Happy to announce a new package: crc32c. This
arose out of a user request to add
crc32c (which is related
to but differnt from crc32 without the trailing c) to my digest
package. Which I did (for now in a branch), using the software-fallback
crc32c from the reference implementation by
Google at their crc32c
However, the Google repo also offers hardware-accelerated versions and switches at run-time. So I pondered a little about how to offer the additional performance without placing a dependency burden on all users of digest.
Lo and behold, I think I found a solution by reusing what R offers.
First off, the crc32c package
wraps the Google repo cleanly and directly. We include all the repo code
– but not the logging or benchmarking code. This keeps external
dependencies down to just
cmake. Which while still rare in
the CRAN world is at least not entirely uncommon. So now each time you
build the crc32c R
package, the upstream hardware detection is added transparently
thanks in part to
cmake. We build
as a static library and include it in the R package and its own shared
And we added exporting of three key functions, directly at the C
level, along with exporting one C level function of package that other
packages can call. The distinction matters. The second step of offering
a function R can call (also from other packages) is used and documented.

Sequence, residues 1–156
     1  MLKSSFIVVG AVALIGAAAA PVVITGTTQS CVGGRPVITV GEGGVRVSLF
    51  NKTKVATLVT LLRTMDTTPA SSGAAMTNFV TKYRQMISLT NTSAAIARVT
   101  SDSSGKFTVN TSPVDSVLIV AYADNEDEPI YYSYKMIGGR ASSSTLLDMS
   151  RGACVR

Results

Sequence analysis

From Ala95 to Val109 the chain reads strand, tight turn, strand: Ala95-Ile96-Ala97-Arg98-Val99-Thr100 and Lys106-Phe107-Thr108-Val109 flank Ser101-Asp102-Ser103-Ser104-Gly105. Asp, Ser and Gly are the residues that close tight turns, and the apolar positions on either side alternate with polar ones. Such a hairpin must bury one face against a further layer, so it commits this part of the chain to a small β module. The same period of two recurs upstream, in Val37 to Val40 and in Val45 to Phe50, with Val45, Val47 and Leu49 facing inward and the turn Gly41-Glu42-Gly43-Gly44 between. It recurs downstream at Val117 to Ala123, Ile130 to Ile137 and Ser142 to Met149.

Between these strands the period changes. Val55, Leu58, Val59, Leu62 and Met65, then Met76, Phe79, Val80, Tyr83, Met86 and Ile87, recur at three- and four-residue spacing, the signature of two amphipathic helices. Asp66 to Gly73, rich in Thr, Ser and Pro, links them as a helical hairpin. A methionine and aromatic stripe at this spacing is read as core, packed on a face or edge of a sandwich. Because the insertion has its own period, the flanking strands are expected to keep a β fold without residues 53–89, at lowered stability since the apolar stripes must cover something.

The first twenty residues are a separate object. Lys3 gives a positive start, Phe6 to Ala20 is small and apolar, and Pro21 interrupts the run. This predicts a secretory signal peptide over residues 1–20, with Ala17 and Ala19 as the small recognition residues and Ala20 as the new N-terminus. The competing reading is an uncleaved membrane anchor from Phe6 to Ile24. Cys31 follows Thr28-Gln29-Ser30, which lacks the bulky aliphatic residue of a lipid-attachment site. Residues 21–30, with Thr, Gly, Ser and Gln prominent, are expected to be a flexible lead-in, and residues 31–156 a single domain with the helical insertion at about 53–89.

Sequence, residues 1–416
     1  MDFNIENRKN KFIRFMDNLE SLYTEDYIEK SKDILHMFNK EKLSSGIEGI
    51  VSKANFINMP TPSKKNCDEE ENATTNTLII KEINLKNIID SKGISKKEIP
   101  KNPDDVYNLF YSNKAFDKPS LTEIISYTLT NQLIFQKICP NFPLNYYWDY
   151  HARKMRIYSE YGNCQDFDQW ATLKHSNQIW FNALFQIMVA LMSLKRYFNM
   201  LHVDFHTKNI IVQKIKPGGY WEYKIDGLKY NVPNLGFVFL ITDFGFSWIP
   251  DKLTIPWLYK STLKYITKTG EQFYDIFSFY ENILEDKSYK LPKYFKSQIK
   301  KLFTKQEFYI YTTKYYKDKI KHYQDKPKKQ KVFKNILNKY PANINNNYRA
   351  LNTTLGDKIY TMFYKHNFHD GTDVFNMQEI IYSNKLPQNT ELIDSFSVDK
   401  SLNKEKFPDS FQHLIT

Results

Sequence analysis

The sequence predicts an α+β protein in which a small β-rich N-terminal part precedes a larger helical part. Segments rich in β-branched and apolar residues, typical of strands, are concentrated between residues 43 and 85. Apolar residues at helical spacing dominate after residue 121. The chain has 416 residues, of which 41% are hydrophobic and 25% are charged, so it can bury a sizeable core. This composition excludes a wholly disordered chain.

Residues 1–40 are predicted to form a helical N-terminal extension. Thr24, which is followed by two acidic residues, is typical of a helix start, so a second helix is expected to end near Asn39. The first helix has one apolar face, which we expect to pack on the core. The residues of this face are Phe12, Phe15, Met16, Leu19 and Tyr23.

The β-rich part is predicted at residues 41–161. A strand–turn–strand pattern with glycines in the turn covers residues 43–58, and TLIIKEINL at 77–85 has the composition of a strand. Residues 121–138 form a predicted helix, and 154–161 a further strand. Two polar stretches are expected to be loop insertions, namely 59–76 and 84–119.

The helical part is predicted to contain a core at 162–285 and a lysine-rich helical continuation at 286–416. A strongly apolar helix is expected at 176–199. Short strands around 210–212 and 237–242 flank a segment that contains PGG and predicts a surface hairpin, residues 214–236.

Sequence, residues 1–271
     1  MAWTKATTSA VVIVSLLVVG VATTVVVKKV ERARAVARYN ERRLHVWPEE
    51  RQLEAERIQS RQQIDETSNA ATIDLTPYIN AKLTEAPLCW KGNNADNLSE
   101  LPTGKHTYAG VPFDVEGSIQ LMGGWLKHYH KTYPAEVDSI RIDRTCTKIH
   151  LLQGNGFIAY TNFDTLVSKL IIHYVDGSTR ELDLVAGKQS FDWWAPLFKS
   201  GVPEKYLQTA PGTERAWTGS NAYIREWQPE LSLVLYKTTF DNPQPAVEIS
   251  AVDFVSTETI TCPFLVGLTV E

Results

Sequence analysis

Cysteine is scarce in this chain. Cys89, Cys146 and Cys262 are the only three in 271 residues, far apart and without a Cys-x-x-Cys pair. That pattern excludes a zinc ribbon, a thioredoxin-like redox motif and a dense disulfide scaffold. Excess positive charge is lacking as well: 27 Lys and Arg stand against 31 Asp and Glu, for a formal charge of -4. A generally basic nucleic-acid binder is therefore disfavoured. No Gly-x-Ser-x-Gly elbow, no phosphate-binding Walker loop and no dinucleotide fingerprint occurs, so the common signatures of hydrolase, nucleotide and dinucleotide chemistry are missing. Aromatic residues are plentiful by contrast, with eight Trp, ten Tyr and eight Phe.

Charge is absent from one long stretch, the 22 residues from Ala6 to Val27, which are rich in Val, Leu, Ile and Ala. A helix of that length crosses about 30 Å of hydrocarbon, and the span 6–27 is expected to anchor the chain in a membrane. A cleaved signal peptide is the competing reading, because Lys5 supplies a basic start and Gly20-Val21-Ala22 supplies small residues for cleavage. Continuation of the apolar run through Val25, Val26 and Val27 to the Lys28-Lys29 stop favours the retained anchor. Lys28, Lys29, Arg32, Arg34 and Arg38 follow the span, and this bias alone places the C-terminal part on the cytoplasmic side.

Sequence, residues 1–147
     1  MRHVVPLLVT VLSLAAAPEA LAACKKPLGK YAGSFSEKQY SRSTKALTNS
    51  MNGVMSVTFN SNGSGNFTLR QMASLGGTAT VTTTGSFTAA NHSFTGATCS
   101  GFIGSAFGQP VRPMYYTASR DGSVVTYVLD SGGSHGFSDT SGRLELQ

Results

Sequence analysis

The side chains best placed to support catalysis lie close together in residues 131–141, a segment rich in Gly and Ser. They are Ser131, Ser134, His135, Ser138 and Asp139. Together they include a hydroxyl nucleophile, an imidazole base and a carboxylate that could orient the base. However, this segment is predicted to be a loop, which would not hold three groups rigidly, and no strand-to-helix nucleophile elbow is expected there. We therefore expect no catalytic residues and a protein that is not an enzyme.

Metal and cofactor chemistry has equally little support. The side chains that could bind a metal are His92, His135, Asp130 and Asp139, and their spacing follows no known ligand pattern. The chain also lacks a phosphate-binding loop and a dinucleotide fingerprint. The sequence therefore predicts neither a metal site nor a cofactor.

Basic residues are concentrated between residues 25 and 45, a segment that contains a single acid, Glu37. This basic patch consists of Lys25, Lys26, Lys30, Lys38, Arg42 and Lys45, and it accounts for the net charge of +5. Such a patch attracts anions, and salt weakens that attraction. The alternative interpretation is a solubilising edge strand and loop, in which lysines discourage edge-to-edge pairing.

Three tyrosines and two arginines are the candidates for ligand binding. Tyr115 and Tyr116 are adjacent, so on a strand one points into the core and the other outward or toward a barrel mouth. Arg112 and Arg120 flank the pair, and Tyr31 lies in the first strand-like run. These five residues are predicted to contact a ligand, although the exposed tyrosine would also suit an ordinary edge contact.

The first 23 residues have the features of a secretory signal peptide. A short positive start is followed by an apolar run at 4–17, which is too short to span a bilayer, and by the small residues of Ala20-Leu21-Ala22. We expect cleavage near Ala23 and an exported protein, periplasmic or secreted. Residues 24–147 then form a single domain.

By means of an
Imports: statement to instantiate the
package providing the functionality, the client package obtains access
to a compiled functions its R code can then call. A number of other R
packages use this.
But what is less well known is that we can do the same with C level functions. Again, it takes an imports statement but once that is done we can call ‘C to C’. Which is quite nice. I am working currently on the branch in digest which motivated this, and it can import the automagically hardware-accelerated functionality on the suitable hardware. Stay tuned for a change in digest.
I also won and lost the CRAN lottery for once: the package made it
through the ‘new package’ checks without any revisions. Only to then
immediately fail on the CRAN machines using
gcc-13 as a
-fPIC was seen as missing when making the shared library.
Even though both my
CI and the r-universe builds
were all green. Ah well. So a 0.0.2 release will be coming in a day or
If you like this or other open-source work I do, you can now sponsor me at GitHub.
This post by Dirk Eddelbuettel originated on his Thinking inside the box blog. Please report excessive re-aggregation in third-party for-profit settings.